Let it snow: Land Rover defeated Land Cruiser
There was fresh talk of a V6 diesel engine for Jaguar's XK
Peugeot RCZ: did any £20-£25k have a right to look so exotic? Good car to drive, too
Aston Martin Cygnet: a Toyota IQ for the particularly minted
Style by the mile: DS3 acquitted itself well against Mini and 500
We find out how big a part tyres play in the development of a performance car
BMW 320d ED added low CO2 to the Three's list of attributes
Porsche's 918 is based loosely on the chassis of the Carrera GT
The XJ showed it had substance to match its bold style when, shock, it beat the S-class
Small funds, big fun: four driver's cars vied for used hero status
March, as it ever does, began with the Geneva motor show. During the past few years, shows have taken on a certain amount of predictability, with launches announced well before the covers are taken off.
In 2010, it was a bit different (as we’ll see in October, too). Cue the Porsche 918 Spyder, one of those special, limited-series hypercars that Porsche rolls out once a decade or so. The 918 is based loosely on the chassis of the last one: the Carrera GT. But by gum it’s a looker; it’s a hybrid, too. Best of all, it’ll be on the road in 2013.
If any Porsche executives craned their heads through 90 degrees, and they did, they’d have spotted no fewer than 20 metres away the wraps being pulled from a unique project from another supercar maker. In Geneva was the official public unveiling of the Aston Martin Cygnet, a Toyota iQ for the particularly minted.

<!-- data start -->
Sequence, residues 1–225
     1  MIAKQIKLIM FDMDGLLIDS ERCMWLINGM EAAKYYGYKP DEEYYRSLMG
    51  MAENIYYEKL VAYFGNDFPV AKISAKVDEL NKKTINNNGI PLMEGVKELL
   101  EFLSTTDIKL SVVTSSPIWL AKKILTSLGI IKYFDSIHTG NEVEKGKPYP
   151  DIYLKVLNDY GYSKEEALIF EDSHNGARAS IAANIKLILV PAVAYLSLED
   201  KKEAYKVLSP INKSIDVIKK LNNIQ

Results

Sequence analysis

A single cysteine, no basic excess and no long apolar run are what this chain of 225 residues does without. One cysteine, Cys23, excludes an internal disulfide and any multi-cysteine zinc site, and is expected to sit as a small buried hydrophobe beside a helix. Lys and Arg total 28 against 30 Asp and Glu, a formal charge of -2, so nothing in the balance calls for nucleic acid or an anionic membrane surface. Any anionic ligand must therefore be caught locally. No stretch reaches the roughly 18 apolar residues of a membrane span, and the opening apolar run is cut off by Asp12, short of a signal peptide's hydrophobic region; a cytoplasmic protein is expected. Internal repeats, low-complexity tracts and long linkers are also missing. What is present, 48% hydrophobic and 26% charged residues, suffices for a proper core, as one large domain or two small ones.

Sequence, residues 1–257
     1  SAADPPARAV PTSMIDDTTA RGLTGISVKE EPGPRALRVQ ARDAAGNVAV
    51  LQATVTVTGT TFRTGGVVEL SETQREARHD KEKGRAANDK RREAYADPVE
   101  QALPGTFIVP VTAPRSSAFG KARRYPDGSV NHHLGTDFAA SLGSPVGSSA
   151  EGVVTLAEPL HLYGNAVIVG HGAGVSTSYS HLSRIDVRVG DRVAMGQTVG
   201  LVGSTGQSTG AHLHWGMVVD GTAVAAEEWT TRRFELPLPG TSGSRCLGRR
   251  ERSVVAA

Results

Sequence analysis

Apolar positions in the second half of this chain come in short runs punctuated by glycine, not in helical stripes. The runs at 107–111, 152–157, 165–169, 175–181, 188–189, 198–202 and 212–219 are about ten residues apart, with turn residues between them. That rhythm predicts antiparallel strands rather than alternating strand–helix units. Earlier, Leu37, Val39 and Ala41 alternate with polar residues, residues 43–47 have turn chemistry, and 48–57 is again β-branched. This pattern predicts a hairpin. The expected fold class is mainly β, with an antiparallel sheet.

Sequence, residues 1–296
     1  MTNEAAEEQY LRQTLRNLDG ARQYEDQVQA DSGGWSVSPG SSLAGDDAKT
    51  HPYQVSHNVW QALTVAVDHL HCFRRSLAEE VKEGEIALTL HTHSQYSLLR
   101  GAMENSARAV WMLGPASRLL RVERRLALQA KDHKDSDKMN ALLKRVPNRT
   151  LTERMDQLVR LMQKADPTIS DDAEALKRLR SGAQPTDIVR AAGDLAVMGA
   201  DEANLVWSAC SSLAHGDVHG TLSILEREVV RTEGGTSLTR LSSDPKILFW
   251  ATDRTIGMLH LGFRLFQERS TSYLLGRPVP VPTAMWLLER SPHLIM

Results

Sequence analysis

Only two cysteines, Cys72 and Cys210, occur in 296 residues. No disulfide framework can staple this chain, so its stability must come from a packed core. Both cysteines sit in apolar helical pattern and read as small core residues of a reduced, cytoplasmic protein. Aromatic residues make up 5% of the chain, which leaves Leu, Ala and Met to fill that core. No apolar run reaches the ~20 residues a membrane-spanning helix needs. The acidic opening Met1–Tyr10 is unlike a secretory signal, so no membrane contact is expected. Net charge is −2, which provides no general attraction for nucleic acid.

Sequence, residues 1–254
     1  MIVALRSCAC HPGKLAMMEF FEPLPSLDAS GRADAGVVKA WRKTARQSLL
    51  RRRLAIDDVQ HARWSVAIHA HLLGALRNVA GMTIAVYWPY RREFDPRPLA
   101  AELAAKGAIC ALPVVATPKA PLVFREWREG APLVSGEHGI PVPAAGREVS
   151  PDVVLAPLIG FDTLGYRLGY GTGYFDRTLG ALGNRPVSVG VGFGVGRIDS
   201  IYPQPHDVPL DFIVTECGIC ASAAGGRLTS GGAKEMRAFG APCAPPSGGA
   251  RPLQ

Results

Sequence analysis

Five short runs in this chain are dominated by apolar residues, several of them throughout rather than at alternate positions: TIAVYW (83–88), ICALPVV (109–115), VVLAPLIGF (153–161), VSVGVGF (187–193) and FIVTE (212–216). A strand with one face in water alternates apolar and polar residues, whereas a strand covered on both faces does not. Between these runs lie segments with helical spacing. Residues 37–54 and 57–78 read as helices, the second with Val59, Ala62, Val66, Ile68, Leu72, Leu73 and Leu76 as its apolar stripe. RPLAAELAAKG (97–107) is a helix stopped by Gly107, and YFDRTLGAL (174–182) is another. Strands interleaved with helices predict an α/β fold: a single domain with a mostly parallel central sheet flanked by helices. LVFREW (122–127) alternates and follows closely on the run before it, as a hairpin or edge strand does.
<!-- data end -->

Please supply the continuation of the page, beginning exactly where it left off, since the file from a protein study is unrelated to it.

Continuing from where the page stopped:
It met a mixed reaction. A few doffed caps; some scoffed. Probably more of the latter, but not from the Porsche execs we spoke to, who thought it an “intelligent” enough move to lower Aston’s range-average CO2, even if they were kind of grateful they didn’t have to remove the sheets from something similar themselves.
Shortly after the Geneva show, we got our first steer in the new Jaguar XJ, which looked “like taking a British luxury car right back to the top of the market”. For us, it does. No other big saloon has the Jag’s wonderful blend of dynamic qualities.
Jaguar’s sister company, Land Rover, you can’t help feeling, is in a curious, almost transitional phase. Range Rover gets the desirable models, leaving Land Rover, supposedly, with the utilitarian stuff. In March, we pondered the future of the most utilitarian Land Rover of all, the Defender, “whose ancestors created the business in the first place and have been the company’s backbone for the past 62 years”.
Land Rover design boss Gerry McGovern agreed. The Range Rover side of the business had been decided, he said; Land Rover was the issue now. So we got together with some designers to pen a possible replacement for the Defender, which legislation will see off here soon. It presents “a unique opportunity”, said McGovern, “but it’s also an almighty challenge".
Winter lingered on into March, you’ll probably remember. We took a Land Rover Discovery and a Toyota Land Cruiser into the worst of it, where the Discovery, for most of our testers, came out on top, easily outclassing its Japanese rival on the road.
Also in March, we drove some new metal. Peugeot’s take on the TT, the RCZ, “looked simply too exotic for either its duty or its £20k-£25k price”. It drove tidily, too, as did the Audi R8 Spyder, which “loses its roof but retains much of its compelling supercar character”. The BMW 320d ED, meanwhile, added “dazzingly low CO2 emissions” to its considerable existing appeal.